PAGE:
Why are there so many bad salespeople? It’s a statistic I see pretty often when I talk to sales leaders, that something like half of sales professionals aren’t hitting their quotas or goals. Now, I could probably write another post on accurate goal-setting (and in fact, I think I will), but for today’s post I’m going to assume that the goals are accurate reflections both of what’s possible and of what’s necessary. If that’s the case, why are so many salespeople seemingly bad at their jobs?
(Spoiler: It’s a very good thing!)
Let’s also not assume that it’s a failure of leadership. It’s not about whether they’re being trained well or managed correctly – while there are definitely systemic problems with sales leadership, that’s actually just a part of the whole “some sales professionals are bad at their jobs” phenomenon, not the cause of it. Sales leaders are very typically just sales reps that got promoted.
No, the reason that many sales professionals are bad at their jobs is because sales is a phenomenal career launch point where huge numbers of people can try out in a live setting. That’s really it, and it’s fantastic.
Think about a heart surgeon. Every heart surgeon had to have a “first time” that they were the primary (not assisting) surgeon, holding a patient’s life in their literal hands. Now think about how much background had to happen to get to that point – years of training, practice runs on cadaver hearts, assisting other surgeons, etc. You can’t just show up on day one and “try out” to be a heart surgeon. But in sales, that’s exactly what happens. Want to see if you’ll be a good sales person? Go sell something today. It’s awesome.
The result is that, naturally, a lot of people try out and aren’t any good. But that same system also produces a lot of people who are great. The stakes in heart surgery are too high to have a similar system, but if we could, we’d end up with more great heart surgeons.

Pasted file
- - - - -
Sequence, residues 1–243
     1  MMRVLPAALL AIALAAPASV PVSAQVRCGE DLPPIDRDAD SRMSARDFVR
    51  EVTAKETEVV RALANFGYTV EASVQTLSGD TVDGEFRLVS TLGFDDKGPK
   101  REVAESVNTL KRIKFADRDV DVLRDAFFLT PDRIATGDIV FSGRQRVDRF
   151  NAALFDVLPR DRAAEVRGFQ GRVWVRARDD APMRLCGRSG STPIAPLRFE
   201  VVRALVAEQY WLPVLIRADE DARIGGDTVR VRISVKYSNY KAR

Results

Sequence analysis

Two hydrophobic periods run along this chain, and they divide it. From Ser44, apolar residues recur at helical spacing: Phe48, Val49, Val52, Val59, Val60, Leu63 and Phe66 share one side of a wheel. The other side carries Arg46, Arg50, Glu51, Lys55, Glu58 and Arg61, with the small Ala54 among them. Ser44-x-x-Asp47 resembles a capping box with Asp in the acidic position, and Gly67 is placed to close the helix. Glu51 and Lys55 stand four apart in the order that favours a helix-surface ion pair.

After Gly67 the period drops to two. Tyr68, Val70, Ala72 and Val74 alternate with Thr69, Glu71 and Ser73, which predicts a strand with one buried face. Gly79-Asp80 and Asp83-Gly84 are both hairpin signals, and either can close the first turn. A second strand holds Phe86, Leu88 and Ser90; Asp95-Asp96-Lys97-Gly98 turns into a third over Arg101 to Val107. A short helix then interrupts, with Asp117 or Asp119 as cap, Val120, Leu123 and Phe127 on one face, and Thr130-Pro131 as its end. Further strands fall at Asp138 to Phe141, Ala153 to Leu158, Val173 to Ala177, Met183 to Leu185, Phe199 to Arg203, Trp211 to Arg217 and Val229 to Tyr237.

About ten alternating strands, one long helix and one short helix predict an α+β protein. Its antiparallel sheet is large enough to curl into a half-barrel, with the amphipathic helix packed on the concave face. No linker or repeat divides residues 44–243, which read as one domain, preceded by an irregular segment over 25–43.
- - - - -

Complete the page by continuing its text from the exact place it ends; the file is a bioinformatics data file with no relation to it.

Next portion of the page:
The more things people can try with low risk, the better off we are. There’s no substitute for a tryout, both as an individual (to discover your talents) or as a society (to help people sort themselves into their most productive and joyous roles). The more we take risks and let others do the same, the better off we are.
You can make your own tryouts, any time you like. There are tons of things you can do for a living that you could just start doing for yourself right now, to see if you can. I don’t recommend heart surgery, but there are vast reaches of things you can do for yourself just to see if you’ll like it and be any good at it before someone else offers you the opportunity.
So if you see someone who appears bad at what they’re doing, be happy. Be happy they had the opportunity to try, be respectful of the fact that they’re improving, and be grateful that you live in a society that encourages so many people to test the waters. Try them out yourself.